Congress required to convene on martial law declaration — Constitution framer

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(CNN Philippines, May 28) — The 1987 Constitution mandates the two Houses of Congress to convene jointly to discuss the declaration of martial law in Mindanao, according to one of its framers.

Atty. Christian Monsod, a member of the 1986 Constitutional Commission, said both the House and Senate do not need to approve the proclamation, but maintained that the joint convening should still be done.

"The convening should still be done so that the issues can be debated and deliberated, so that those opposed to can be heard. The people have a right to know those for or against it and the reason for their vote," Monsod said in a text message Sunday.

He added that the purpose of the joint convening is not to approve martial law as it has already taken effect since the declaration on May 23.

On Thursday, House Majority Floor Leader Rep. Rudy Fariñas said they don't need to convene a joint session, which is only required if Congress will revoke the proclamation.

Fariñas said on Sunday, however, that both the Senate and the House of Representatives will hold separate closed-door meetings with government security officials and cabinet members on Monday and Wednesday next week.

"The position of each legislator, whether or not opposed to the proclamation of Martial Law, shall be expressed in the sessions of the HOR and the Senate when they separately consider the Report of the President. If either House finds that there is no need to revoke the martial law proclamation of the President, a Joint Session may not happen," he said in a statement.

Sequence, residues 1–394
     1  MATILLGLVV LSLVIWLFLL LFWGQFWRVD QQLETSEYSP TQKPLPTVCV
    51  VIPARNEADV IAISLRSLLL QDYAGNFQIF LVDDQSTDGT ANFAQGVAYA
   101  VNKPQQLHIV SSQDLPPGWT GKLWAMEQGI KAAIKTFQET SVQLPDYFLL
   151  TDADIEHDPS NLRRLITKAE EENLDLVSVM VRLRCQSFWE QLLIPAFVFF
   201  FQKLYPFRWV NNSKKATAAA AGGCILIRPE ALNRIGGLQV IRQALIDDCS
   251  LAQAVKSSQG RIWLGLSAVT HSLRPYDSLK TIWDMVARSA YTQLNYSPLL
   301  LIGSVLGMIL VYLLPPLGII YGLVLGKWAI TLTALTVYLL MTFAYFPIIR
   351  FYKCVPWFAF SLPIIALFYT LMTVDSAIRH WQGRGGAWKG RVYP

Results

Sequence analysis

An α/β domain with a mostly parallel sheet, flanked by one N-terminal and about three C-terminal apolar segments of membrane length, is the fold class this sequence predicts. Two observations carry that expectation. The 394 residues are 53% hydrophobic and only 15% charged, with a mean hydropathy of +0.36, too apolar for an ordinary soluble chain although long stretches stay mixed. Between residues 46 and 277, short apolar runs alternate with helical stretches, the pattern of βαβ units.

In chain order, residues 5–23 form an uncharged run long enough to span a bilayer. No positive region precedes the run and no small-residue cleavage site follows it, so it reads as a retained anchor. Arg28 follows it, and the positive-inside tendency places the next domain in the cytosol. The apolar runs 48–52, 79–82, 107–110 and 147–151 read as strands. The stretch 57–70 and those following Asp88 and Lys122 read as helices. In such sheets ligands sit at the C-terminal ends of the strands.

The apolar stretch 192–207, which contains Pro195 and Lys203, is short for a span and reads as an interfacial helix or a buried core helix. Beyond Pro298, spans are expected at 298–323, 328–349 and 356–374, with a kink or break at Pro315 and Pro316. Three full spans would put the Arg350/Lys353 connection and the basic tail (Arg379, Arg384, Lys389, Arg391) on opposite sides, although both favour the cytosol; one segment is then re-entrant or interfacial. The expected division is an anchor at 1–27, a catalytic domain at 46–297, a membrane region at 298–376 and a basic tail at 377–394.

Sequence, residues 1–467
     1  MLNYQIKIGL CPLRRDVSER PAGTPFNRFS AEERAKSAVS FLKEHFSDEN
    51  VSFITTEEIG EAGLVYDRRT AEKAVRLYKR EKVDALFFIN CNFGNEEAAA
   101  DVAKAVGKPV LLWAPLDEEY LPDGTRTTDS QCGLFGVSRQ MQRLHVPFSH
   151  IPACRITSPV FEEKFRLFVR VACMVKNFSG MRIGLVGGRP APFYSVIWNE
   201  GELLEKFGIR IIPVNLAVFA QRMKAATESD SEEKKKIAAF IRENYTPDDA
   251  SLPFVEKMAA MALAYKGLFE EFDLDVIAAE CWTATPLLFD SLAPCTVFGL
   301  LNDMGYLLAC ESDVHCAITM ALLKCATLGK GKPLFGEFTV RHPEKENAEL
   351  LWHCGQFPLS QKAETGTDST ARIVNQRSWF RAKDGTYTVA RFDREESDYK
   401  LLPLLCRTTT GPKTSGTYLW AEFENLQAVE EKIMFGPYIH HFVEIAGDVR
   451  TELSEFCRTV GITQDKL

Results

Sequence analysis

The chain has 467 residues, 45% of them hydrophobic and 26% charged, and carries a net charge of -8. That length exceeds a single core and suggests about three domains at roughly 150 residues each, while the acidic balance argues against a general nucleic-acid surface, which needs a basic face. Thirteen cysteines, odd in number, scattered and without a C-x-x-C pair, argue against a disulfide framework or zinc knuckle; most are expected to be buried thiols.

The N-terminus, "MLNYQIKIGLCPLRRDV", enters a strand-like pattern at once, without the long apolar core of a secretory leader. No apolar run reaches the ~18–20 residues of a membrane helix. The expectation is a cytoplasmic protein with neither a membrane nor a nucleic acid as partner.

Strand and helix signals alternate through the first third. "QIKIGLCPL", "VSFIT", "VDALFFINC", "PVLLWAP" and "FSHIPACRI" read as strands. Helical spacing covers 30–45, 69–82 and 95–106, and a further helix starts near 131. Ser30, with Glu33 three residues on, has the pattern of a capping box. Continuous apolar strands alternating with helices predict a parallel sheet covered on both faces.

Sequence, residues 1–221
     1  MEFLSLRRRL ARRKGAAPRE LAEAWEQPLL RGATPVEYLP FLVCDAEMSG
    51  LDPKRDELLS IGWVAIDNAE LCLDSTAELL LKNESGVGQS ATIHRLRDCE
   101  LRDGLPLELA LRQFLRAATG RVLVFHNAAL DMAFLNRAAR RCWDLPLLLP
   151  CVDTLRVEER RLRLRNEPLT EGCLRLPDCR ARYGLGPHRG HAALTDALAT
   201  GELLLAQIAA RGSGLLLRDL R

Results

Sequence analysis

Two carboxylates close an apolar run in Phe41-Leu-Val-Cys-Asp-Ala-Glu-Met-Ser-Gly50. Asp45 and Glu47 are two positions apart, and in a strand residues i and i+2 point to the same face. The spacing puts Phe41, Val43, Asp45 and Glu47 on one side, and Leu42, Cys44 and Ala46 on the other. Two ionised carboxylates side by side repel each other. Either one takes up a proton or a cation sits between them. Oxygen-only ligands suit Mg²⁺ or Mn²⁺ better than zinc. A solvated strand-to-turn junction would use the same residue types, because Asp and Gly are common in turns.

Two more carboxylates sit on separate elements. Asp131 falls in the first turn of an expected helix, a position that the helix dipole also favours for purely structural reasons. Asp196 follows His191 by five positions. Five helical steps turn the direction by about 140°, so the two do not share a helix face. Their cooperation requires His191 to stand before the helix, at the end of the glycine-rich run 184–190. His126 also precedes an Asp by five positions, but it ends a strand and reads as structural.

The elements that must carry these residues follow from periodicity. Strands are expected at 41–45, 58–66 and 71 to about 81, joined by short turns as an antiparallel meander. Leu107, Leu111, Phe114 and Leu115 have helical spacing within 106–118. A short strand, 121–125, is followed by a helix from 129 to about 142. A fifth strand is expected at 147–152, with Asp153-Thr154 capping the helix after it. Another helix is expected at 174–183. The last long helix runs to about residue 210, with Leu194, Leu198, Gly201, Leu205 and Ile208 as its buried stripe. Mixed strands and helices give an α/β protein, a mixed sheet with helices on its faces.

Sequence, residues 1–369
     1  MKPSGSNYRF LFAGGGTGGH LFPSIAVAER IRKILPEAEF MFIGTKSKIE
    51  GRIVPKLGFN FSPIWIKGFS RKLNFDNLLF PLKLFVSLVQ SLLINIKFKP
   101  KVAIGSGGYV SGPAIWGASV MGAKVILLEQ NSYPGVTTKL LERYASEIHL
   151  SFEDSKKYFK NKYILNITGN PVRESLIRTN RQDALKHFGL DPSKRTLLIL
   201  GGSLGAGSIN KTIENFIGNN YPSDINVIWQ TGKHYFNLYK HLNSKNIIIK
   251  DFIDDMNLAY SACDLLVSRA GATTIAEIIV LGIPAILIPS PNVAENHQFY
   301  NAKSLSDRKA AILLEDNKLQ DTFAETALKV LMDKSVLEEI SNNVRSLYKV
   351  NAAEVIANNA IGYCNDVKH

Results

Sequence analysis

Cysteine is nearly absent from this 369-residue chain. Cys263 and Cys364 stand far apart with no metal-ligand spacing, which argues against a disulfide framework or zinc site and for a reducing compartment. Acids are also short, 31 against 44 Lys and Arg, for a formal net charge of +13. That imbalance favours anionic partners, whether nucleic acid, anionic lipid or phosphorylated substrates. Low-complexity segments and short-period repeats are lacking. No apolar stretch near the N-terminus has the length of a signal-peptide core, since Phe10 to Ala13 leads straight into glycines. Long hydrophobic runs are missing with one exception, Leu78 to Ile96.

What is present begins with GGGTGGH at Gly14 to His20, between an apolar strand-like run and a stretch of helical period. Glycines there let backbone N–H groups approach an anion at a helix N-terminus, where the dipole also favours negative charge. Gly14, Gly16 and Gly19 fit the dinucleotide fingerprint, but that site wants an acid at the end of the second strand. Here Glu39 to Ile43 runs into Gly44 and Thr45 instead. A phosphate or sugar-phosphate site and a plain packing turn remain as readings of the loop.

Read more: Rep. Fariñas: No need for Congress to approve martial law

Lawmakers debate on joint session

Senators and congressmen are divided on whether the joint session is necessary to discuss issues related to the proclamation.

Sen. Risa Hontiveros said Congress must not default on its constitutional duty, saying that the joint session is an opportunity to officially record Congress' members votes on the declaration.

"How can we get the exact sense of the majority of the lawmakers if we don't convene in a joint session? I hope the legislature is not taking the declaration of martial law lightly," Hontiveros said in a Fridaystatement.

Opposition congressman Edcel Lagman said the failure of Congress to conduct a joint session is disturbing.

"This is blatant dereliction of duty on the part of the leadership of the House and of the Senate," Lagman said.

Read more: Senator: Congress likely to back martial law in Mindanao

The Makabayan bloc also said they will question the martial law declaration when the proclamation and the Report of the President to Congress is taken up in the plenary on Monday.

"We received a lot of reports from the ground in the 6 provinces of Mindanao that are currently experiencing rights' abuses," according to Makabayan Rep. Ariel Casilao.

Casilao added that the seven-member bloc will move on Monday to hold a joint session, to give them an opportunity to revoke the declaration.

In a text message, Senate Majority Leader Tito Sotto said he doubts either House of Congress will pass a resolution calling for a joint session to discuss the martial law proclamation.

"Consti is clear, we go into joint if we intend to revoke or extend (martial law). Waste of peoples money if we go joint just to talk?" Sotto said.

Sotto previously said the Senate will invite Defense Secretary Delfin Lorenzana, National Security Adviser Hermogenes Esperon and AFP Chief of Staff Eduardo Año to its Monday caucus.